Currency Swap

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What is a 'Currency Swap'

A currency swap, sometimes referred to as a cross-currency swap, involves the exchange of interest and sometimes of principal in one currency for the same in another currency. Interest payments are exchanged at fixed dates through the life of the contract. It is considered to be a foreign exchange transaction and is not required by law to be shown on a company's balance sheet.

BREAKING DOWN 'Currency Swap'

A currency swap can be done in several ways. If there is a full exchange of principal when the deal is initiated, the exchange is reversed at the maturity date. Currency swap maturities are negotiable for at least 10 years, making them a very flexible method of foreign exchange. Interest rates can be fixed or floating.


Currency swaps were originally done to get around exchange controls. As most developed economies have eliminated controls, they are done most commonly to hedge long-term investments and to change the interest rate exposure of the two parties.

Pricing is usually expressed as LIBOR plus or minus a certain number of points, based on interest rate curves at inception and the credit risk of the two parties.

Exchange of Principal

In a currency swap, the parties agree in advance whether or not they will exchange the principal amounts of the two currencies at the beginning of the transaction. The two principal amounts create an implied exchange rate. For example, if a swap involves exchanging €10 million vs $12.5 million, that creates an implied EUR/USD exchange rate of 1.25. At maturity, the same two principal amounts must be exchanged, which creates exchange rate risk as the market may have moved far from 1.25 in the intervening years.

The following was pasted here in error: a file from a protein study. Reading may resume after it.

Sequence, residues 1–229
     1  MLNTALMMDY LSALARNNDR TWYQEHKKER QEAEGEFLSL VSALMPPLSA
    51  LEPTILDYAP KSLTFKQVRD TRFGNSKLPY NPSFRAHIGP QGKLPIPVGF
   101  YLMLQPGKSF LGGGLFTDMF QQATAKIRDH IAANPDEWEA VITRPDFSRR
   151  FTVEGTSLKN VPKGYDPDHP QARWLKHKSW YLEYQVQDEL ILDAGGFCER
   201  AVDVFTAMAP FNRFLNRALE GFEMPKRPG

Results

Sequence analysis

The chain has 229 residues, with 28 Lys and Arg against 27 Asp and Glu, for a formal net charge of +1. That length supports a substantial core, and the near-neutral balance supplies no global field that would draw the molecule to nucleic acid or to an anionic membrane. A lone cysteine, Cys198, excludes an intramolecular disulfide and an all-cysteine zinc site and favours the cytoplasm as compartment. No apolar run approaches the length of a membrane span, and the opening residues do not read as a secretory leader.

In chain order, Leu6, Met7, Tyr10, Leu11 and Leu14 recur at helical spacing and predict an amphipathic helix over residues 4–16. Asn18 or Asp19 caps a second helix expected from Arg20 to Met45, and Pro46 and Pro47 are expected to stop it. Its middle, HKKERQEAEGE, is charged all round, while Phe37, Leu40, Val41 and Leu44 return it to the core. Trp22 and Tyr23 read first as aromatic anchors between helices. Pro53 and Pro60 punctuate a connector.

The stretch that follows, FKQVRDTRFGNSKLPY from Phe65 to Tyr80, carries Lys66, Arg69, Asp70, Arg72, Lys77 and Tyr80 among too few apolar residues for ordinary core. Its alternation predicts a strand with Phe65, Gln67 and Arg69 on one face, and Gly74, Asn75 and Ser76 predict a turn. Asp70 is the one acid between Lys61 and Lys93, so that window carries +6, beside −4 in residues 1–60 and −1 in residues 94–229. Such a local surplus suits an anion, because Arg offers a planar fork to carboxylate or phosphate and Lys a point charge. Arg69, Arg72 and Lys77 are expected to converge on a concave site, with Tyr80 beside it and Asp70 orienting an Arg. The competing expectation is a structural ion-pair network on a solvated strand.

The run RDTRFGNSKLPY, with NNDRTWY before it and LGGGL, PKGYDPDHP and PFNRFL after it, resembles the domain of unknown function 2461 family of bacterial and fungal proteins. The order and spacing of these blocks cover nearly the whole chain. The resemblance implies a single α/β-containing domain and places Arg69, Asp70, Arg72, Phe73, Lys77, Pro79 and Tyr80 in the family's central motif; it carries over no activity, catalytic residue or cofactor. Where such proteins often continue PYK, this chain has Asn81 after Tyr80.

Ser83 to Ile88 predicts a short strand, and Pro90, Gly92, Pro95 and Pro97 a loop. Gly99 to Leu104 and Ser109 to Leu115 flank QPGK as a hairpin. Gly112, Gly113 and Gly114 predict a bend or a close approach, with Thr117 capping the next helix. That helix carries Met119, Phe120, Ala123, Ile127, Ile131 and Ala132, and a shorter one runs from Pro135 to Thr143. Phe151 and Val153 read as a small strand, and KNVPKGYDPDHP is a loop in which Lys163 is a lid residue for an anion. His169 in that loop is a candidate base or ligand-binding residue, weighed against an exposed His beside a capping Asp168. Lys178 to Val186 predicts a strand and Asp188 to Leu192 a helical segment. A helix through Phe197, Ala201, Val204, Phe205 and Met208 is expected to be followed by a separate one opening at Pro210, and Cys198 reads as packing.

Many swaps use simply notional principal amounts, which means that the principal amounts are used to calculate the interest due and payable each period but is not exchanged.

Exchange of Interest Rates

There are three variations on the exchange of interest rates: fixed rate to fixed rate; floating rate to floating rate; or fixed rate to floating rate. This means that in a swap between euros and dollars, a party that has an initial obligation to pay a fixed interest rate on a euro loan can exchange that for a fixed interest rate in dollars or for a floating rate in dollars. Alternatively, a party whose euro loan is at a floating interest rate can exchange that for either a floating or a fixed rate in dollars. A swap of two floating rates is sometimes called a basis swap.

Interest rate payments are usually calculated quarterly and exchanged semi-annually, although swaps can be structured as needed. Interest payments are generally not netted because they are in different currencies.

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